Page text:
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article imageCanadian Federal budget watchdog set to release new report Monday

By Stephanie Dearing     Jul 7, 2009 in Politics
Parliamentary Budget Officer Kevin Page has been ruffling government feathers by releasing his reports to the public at the same time as he hands the reports over to committees and MPs.
This man is no puppet. Instead of presenting information to MPs and waiting for a 'green light' of approval to go ahead and release the same information to the public, Parliamentary Budget Officer, Kevin Page, shoots straight from the hip and tells everybody the same thing - at the same time. His last report earned him warnings from a committee of MPs and Senators, who claimed Page should report to them first and the public later. Is Page listening to them?
Paying no heed to the warnings issued to him by the federal government, Page gave details on a five-year economic report to the press that will be presented to government on Monday. The report says that Finance Minister Flaherty got things wrong with his January 2009 budget. Page says that Canada could lose another 1.2 million jobs between now and the end of next year, and he said that deficit calculations made by the Harper government are also wrong. Bowing somewhat to the government, the report will be released on Monday to the Finance Committee which had requested the report, and the public will be able to fully access the report on Wednesday.
The Harper government has predicted that Canada will only lose 160,000 jobs this year, and the government's position has been that Canada is financially strong, and will not suffer much from the recession. At a June G8 meeting of Finance Ministers, Flaherty was talking up an "exit strategy" for stimulus spending. Flaherty was bolstered by reports from the International Monetary Fund forecasting growth for the global economy in the next year. However, it was reported that other finance ministers at that meeting were wary of the idea of pulling out of stimulus spending.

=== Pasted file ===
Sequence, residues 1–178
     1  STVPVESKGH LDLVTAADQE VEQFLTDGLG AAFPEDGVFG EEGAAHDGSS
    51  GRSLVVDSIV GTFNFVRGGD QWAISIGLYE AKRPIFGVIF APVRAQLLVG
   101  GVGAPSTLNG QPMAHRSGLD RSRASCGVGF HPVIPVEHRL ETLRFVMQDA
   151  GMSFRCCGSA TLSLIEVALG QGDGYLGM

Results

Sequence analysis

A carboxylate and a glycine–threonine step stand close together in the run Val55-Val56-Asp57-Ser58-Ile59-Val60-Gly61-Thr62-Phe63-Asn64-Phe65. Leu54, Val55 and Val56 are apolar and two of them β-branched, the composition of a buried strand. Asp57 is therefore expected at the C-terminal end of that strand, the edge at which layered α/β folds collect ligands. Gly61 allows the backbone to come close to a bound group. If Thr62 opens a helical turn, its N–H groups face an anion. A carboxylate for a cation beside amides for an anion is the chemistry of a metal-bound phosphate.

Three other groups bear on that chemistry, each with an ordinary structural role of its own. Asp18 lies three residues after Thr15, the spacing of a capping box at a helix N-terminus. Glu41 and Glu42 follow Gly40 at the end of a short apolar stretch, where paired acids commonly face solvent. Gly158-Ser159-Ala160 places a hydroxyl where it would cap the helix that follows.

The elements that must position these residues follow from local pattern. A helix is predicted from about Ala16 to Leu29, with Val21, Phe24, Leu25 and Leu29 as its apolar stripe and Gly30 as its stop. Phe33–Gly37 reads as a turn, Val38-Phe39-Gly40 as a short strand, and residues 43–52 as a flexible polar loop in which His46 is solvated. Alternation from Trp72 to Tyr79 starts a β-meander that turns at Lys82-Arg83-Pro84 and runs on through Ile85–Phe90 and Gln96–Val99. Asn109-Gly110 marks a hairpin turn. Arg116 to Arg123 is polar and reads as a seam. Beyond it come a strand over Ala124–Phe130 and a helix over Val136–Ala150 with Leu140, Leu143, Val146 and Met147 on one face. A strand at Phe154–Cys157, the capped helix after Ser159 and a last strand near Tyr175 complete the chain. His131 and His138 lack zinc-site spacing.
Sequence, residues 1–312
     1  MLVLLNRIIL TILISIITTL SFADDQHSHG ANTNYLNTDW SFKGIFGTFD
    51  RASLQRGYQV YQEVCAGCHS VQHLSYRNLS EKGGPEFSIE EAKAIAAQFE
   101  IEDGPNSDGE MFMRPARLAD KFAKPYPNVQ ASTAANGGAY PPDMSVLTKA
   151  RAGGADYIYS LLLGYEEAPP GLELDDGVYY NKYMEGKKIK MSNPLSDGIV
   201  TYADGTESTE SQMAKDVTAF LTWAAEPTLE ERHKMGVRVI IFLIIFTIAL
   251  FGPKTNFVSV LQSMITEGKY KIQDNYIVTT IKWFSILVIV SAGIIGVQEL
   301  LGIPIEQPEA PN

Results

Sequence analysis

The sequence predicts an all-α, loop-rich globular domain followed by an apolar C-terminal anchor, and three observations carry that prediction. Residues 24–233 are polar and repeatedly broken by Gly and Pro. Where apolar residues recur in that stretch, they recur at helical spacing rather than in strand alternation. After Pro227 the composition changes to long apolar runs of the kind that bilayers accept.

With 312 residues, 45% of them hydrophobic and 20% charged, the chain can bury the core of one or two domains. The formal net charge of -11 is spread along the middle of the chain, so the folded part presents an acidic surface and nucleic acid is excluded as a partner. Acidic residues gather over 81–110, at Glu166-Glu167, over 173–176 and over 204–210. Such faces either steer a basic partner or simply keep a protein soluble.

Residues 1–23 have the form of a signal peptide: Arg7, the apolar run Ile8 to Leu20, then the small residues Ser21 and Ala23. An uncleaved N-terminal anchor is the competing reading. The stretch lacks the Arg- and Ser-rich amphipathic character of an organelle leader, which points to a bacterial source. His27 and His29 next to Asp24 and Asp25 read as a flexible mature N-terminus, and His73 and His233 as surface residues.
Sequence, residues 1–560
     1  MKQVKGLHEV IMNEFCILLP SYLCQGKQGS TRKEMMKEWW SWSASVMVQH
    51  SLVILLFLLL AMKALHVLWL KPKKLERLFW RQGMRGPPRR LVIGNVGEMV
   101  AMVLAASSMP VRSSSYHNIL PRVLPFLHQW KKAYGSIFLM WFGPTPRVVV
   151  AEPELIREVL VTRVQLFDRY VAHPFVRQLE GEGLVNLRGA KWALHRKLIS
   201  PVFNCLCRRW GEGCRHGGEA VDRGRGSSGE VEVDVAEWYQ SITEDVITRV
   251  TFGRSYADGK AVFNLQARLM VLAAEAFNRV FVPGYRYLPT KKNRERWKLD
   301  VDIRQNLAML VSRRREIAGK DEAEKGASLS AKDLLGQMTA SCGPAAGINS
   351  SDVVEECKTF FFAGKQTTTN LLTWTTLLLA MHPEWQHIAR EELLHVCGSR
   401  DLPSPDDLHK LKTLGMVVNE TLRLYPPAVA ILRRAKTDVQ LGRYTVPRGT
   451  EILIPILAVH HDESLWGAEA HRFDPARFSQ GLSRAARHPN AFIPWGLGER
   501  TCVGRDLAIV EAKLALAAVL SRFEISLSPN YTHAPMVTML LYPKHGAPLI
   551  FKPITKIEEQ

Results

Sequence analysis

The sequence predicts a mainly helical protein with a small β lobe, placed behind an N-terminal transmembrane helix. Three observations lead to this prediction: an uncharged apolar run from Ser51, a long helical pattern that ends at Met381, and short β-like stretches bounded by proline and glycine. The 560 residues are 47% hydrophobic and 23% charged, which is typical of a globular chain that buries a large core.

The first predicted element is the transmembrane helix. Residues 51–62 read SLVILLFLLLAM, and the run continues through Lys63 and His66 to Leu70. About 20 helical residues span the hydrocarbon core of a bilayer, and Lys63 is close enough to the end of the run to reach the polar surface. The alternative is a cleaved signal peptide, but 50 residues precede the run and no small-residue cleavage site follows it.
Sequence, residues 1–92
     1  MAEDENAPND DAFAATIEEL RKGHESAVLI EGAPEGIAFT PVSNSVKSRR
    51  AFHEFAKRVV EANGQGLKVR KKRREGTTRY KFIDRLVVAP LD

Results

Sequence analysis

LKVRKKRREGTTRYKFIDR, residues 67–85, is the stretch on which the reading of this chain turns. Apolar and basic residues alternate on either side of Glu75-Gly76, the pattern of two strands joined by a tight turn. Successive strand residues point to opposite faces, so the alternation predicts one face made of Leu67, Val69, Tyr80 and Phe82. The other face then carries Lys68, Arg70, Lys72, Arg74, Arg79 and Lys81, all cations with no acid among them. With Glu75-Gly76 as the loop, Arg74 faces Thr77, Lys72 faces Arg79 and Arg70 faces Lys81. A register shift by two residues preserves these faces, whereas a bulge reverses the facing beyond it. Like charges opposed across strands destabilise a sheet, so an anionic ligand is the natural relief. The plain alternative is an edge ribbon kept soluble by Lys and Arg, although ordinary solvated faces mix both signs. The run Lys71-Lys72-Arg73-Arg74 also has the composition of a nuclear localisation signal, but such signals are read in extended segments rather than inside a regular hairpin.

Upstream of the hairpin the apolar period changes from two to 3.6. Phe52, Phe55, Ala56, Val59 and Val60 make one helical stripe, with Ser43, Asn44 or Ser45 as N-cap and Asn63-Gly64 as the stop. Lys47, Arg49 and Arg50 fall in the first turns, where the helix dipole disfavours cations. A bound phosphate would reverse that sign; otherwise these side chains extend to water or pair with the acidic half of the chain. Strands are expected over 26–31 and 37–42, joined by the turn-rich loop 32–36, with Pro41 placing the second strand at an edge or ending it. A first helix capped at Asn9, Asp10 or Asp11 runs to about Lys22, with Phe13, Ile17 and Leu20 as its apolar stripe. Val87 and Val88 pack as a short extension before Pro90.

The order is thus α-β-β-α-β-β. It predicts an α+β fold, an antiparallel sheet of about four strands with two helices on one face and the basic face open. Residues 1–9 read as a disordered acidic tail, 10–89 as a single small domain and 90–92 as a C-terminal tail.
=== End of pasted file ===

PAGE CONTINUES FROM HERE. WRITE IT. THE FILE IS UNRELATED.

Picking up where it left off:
Page is an independent officer recently appointed by Harper to the position. He has a specific mandate to ensure “truth” in government budgeting and expenditure proposals," said the Globe and Mail. Openness and transparency should be the two cornerstones of accountability, and yet, when Page releases reports in his appointed role he is taking a risk. However, Page told The Hill Times that he would not produce confidential reports because his is an "open access" office, and secret reports would not be in keeping with the role of his office.
In March 2009 he released a report that showed the Conservative estimates of the effects of the recession were wrong, predicting Gross Domestic Product would shrink, and that deficit spending by the government would be higher than what had been budgeted. At the end of June 2009, Page was told by a joint parliamentary committee that he would retain his position as long as "...he no longer report on “the state of the nation's finances and trends in the national economy” directly to the House of Commons and the public."
John McCallum, Liberal Finance Critic, issued a statement in response to the released details of Page's newest report, saying "The Harper government’s economic policies are an abject failure. As recently as three weeks ago, the Minister still clung to his five-year targets from January. Now we learn that the Conservatives have driven Canada into a $17 billion structural deficit and there is no credible plan to dig Canada out of the hole.”
More about Kevin page, Federal budget, Recession, Unemployment, Canada
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